Checking Out: A History Lover’s Guide to Denver

With so much new development and construction going on throughout the Denver area, it can sometimes feel like every building more than a few years old has been torn down or drastically changed. Mark A Barnhouse’s new book, A History Lover’s Guide to Denver (2020, Arcadia), shows that despite the fast growth and countless updates happening in each and every corner of town, much of the Mile High City’s character and unique past can still be found tucked away on many of its streets.

Whether you are new to Denver or a seasoned native, A History Lover’s Guide to Denver offers little-known facts and context that anyone with an interest in history will find surprising. Did you know that Market Street used to be named Holladay Street, but the relatives of Ben Holladay, the street’s namesake, petitioned the city to change it because the 1900 block was so synonymous with prostitution? Or that the stained glass windows in the Cathedral Basilica of the Immaculate Conception on Colfax were created in Munich using a one-of-a-kind process lost due to a World War II bombing, meaning they could never be recreated? Or that Tennyson and Highland Square on 32nd Avenue, along with Historic South Gaylord Street by Washington Park, Old South Pearl Street in Platt Park, and some other smaller and less noticeable locations throughout town, are old neighborhood commercial districts originally established along streetcar stops?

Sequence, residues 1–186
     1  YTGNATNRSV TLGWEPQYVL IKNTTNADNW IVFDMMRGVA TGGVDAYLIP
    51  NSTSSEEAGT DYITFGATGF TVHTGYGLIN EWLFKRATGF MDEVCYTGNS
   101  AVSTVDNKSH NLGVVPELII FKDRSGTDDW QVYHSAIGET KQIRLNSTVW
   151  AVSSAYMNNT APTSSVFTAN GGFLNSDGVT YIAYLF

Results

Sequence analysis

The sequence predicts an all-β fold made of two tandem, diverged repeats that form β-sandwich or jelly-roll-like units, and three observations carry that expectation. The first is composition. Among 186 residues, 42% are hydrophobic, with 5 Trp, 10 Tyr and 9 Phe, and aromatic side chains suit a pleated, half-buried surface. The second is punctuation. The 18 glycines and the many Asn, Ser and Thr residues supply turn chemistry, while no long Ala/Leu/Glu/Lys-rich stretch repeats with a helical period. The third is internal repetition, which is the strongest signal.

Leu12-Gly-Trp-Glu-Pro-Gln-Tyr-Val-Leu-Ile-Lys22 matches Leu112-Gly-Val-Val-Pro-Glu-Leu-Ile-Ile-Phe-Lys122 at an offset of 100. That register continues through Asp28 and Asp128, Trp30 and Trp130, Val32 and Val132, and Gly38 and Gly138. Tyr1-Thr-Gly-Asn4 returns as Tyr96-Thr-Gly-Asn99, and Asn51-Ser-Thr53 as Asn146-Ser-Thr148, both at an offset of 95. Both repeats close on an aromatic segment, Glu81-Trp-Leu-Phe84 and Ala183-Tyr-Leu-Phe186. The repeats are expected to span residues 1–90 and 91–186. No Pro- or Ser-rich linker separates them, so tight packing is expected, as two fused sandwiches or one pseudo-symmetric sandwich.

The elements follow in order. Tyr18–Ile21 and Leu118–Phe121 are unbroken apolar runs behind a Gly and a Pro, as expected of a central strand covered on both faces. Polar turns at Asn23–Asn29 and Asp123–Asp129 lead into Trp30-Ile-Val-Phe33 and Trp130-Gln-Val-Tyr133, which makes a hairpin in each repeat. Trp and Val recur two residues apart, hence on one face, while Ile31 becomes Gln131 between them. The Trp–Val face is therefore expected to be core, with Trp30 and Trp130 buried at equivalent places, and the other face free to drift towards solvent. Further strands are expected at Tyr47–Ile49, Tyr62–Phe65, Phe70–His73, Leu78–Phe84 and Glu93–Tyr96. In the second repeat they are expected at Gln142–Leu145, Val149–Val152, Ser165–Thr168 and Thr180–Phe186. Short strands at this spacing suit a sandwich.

While much of A History Lover’s Guide to Denver focuses on downtown, entries span throughout the city and even include other notable surrounding locales, such as the Buffalo Bill Museum and Grave on Lookout Mountain, the Coors Brewery in Golden, Delaney Farm Historic District in Aurora, and even the Denver Mountain Parks System throughout the Front Range. Some of the Northwest Denver sites featured include Regis University, North High School, Potter Highlands Historic District, Lakeside Amusement Park (which, Barnhouse claims, contrary to popular legend, was never actually called “White City”), and more. If you have ever passed by a unique and historic looking building in town and thought to yourself, “I wonder what the story with that place is?”, there is a good chance it is featured in A History Lover’s Guide to Denver.

While not yet available through Denver Public Library, you can find more information on A History Lover’s Guide to Denver at


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